Advisor Mark Pitre of California Financial Advisor put it straight. “In this industry, to be successful, you have to want to help people first and foremost,” he told “Without that being your main objective, you will struggle as an advisor.”

While expanding your offering can help you reach more clients, it can put you at risk of being too broad in your offering. For many FAs, especially those in or near urban centers, the answer is to zero in on a particular client type. The focus could be a profession, or an employer, or a stage in life. Focusing on a niche can muffle direct competition and help you stand out in a crowded market — to become, as they say, a big fish in a small pond.

Competing for Value

With the advent of artificial-intelligence-powered, smartphone-deliverable “robo” advisors, and with the increasing commoditization of investment products, advisors have to offer more value to compete these days.

You might be thinking, shouldn't I expand my offering to as many different people as possible if I want more clients?

There are plenty of garden-variety advisors out there, as a random survey of their websites demonstrate. There's a big difference between a generic value proposition like "We provide financial planning advice customized to the needs of our clients" and a specific statement such as "We help new business owners organize their books and make smart investment decisions based upon personalized advice, curated by our team of specialists who have a passion for helping entrepreneurs."

Establishing a niche may indeed mean chasing a smaller pool of clients, but — for the very reason it's because it's smaller — it's easier to defend and promote. Without a niche, you're competing for value with every other generalist out there.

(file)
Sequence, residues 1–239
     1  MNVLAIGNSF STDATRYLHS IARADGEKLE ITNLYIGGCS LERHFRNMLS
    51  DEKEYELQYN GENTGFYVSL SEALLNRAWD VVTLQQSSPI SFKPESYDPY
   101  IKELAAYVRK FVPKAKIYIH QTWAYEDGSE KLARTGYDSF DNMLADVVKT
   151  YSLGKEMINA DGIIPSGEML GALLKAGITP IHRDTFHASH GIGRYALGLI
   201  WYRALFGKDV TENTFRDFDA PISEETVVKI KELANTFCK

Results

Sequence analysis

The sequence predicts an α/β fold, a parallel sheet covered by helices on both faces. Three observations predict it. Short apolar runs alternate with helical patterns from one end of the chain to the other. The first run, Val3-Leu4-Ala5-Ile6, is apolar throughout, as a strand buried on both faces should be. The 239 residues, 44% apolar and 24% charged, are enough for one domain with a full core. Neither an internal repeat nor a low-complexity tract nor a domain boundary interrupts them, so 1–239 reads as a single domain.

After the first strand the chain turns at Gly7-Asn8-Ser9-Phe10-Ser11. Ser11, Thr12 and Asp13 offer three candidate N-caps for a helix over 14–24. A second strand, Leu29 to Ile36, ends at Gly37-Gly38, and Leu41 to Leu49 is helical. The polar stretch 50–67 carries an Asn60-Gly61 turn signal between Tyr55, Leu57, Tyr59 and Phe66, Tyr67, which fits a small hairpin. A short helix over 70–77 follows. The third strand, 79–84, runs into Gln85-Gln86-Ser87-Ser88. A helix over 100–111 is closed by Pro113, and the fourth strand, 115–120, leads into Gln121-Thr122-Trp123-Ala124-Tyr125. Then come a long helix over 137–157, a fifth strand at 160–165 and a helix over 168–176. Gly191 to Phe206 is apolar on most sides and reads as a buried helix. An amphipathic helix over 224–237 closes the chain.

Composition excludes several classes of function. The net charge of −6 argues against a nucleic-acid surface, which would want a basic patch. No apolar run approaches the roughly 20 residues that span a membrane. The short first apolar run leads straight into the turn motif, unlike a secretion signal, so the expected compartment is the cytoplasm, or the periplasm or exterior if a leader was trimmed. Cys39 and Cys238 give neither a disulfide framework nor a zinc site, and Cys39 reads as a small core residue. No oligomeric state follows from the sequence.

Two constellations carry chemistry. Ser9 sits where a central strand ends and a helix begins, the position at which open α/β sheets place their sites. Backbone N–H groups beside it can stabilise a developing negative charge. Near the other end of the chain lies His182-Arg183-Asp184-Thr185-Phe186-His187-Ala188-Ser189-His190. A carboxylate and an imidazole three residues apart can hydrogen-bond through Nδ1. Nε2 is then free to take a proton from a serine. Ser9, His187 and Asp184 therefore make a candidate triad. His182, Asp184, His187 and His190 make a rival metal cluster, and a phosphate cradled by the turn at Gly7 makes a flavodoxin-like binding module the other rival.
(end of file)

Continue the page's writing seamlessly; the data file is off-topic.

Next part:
Why Clients Prefer Specialization


By, for instance, focusing on employees of one company, you’ll learn details such as when they get paid, how their stock options work — perhaps even how much they may be making at that company five or 10 or 20 years hence. Focus on a particular industry, and you’ll recommend investment portfolios with less sector overlap. As further aids to your advice, you’ll start to understand when clients in areas like energy or retail may experience cash-flow shortfalls and surpluses.

In short, you’ll be an expert in your clients’ field as well as your own. This will equip you to have deeper conversations with clients and offer more holistic advice. As clients come to appreciate a personalized approach based on advice adapted to their circumstances, they will:

  • Stick around (client retention)
  • Send more referrals your way
  • Provide glowing reviews (important now that the SEC is thinking about letting RIAs post testimonials, as Finra already does)
  • Enhance your firm’s valuation

How Can Advisors Determine A Target Market?

The bare concept of creating a niche is applicable even to advisors in small towns and rural areas. For advisors in this category, it’s imperative to figure out what employment sectors dominate your region ( can help), examine the issues executives in those occupations tend to face, and get up to speed on solutions. You may have to carve out several niches — say, education and healthcare — but the extra effort can pay off in relatively streamlined business-development efforts.

Building any niche calls for this sort of due diligence anyway, whether your practice is rural or urban. No matter where you are, you have to weigh the niche (or niches) you’re considering to make sure it provides a large enough market for you to stake a claim and carve out a thriving business. 1 With that research done, and a niche selected, it’s time to tailor your service and product offerings to clients within your niche. This requires study and thought, and your “learnings” on these matters must begin to permeate your practice. Over time and with more experience, this work will inform everything from the questions you ask clients and prospects to the decor of your office — it may even help determine if you need an office.

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